Of course, her willingness to be on display for the town in a gown that was anything but her own choice was really my sister in a nutshell. No matter what it did to her, if it meant one of us was happier, Mairin would do it. Take my bridesmaid dress. The wedding planner Mathias hired to help Mairin keep her sanity had freaked out when Mairin showed her the dress, but my sister had insisted that the pale colors the wedding planner wanted would look awful on me. So instead of joining the frosted cupcake brigade, I was wearing the deep, forest green, knee-length dress my sister had chosen for me. She could have picked some hideous, flowing monstrosity so I wouldn’t overshadow her, but had instead picked the dress she knew I’d like.

I was pulling the dress over my head when the doorbell rang.

“I’ll get it,” Tawnya called from downstairs. I knew she’d been ready for us to leave for the wedding for at least half an hour, but after the tenuous truce she and Mairin had finally formed after their estrangement last winter, Tawnya was keeping her opinions to herself. I, on the other hand, wasn’t. If they weren’t ready by the time I got my shoes on, I’d shove Mairin down the stairs.

“Hey Tawnya. The other camp is getting anxious and sent me to see what was keeping the bride.” Xavier’s voice drifted up the stairs to me and I smiled. In spite of some pretty big disagreements they’d had in the past, Mathias had asked Xavier to be his best man. Xavier, always looking for ways to improve the political climate of the supernatural community, and because both Mairin and I had begged him, had accepted. It hadn’t been until the tuxedo fitting that he’d truly begun to regret saying yes. The complaints over the fittings had been epic and amusing as hell.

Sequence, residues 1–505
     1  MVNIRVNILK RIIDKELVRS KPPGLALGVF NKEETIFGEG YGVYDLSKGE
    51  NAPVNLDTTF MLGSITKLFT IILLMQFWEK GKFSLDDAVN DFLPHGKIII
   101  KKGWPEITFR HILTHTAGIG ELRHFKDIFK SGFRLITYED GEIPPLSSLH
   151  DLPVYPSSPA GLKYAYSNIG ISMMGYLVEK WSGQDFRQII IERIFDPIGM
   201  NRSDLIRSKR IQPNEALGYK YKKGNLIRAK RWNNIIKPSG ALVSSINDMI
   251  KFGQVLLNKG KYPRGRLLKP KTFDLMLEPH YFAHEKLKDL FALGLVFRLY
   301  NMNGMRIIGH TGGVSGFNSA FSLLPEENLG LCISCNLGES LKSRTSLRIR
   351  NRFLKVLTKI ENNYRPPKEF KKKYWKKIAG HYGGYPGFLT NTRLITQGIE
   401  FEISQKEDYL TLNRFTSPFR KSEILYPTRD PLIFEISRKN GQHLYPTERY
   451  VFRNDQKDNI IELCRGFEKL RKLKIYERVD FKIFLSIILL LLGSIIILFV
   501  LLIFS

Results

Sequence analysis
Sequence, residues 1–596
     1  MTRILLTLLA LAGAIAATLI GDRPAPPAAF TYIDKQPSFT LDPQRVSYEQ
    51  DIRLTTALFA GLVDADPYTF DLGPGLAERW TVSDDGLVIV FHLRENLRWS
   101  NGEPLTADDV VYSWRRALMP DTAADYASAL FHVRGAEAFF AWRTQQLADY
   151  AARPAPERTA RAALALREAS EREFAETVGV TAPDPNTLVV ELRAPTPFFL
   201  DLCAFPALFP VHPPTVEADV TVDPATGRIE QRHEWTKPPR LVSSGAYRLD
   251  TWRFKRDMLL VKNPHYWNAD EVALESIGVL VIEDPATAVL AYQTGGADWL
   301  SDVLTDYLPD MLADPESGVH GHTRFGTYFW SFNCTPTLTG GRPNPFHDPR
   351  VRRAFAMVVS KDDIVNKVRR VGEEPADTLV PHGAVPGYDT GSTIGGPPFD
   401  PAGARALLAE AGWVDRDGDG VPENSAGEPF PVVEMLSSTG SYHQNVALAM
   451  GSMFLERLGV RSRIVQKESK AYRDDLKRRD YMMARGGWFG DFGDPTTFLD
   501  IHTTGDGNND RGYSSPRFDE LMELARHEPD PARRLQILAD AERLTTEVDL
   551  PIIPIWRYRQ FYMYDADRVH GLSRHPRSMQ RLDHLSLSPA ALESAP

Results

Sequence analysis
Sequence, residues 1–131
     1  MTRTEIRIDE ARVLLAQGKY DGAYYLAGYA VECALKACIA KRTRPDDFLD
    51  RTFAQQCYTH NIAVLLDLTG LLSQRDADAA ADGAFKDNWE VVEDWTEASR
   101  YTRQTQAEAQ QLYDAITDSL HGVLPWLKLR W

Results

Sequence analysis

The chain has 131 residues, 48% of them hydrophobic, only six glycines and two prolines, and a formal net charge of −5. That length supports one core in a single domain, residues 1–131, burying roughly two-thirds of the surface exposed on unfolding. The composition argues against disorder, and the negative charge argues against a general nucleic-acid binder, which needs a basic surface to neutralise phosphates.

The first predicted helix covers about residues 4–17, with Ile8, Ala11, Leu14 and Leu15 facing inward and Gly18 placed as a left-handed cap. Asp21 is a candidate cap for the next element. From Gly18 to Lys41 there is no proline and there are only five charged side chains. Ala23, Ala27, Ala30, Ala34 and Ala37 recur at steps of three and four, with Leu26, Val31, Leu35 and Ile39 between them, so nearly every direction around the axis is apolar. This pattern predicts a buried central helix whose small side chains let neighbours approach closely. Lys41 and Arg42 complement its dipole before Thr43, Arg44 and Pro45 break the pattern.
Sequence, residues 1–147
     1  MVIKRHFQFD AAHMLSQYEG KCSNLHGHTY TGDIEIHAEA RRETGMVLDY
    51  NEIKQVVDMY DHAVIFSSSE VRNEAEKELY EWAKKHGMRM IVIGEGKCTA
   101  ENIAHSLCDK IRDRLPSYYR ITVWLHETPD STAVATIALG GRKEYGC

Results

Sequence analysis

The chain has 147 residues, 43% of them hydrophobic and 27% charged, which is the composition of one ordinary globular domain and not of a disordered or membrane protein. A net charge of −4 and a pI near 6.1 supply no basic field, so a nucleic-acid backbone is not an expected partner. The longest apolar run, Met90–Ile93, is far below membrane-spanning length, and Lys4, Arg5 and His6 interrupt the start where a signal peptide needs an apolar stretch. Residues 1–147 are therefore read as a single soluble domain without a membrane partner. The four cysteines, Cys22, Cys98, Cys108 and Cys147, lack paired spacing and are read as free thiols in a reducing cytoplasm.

I slipped on my sandals and ran back to Mairin’s room. “The natives are getting restless. We have to go.”

“I heard him,” Mairin said. “Mom, go get in the car with Tawnya. Kerry can help me down the stairs in this monstrosity…um, dress.”

Mom kissed us both before heading down to meet up with Tawnya. I could see her eyes were already beginning to shine with tears and knew that before the end of the ceremony, our mother would be a blubbering mess.

“She’s going to cry all day, isn’t she?” Mairin said.

“Probably. You’re her baby and you’re getting married.”

“Yeah, wait until it’s your turn, brat.” Mairin clasped a thin gold chain around her neck and sighed. “That’s it. No more delays.”

“Don’t you want to marry Mathias?” I asked.

“Sure I do,” she said. “But for all intents and purposes, I’m nineteen. Girls don’t get married this young unless they have to. You know most of the town is going to be watching me to see if I’m pregnant.”

“That’s why you and Mathias are going on a long honeymoon. So you don’t have to worry about being watched.” I held Mairin’s arm as we carefully navigated the stairs. “Besides, admit it. You’re dying to see all the snooty jerks jockeying for position to catch your bouquet.”

Mairin laughed. “I’ll aim for you, if you want me to.”

Xavier looked up at me from the foot of the stairs. I knew he’d heard Mairin and my heart thundered in my chest. He’d already asked me to marry him more than once and I’d told him no. Not no forever, but no for right then. Looking at him in his tuxedo, the tiny, shy smile I loved best lifting just the corners of him mouth, I realized while I still might not want to get married tomorrow, I was ready to say yes to him.

“I’ll take my chances,” I said. “But I’ll make sure I’m right up front.”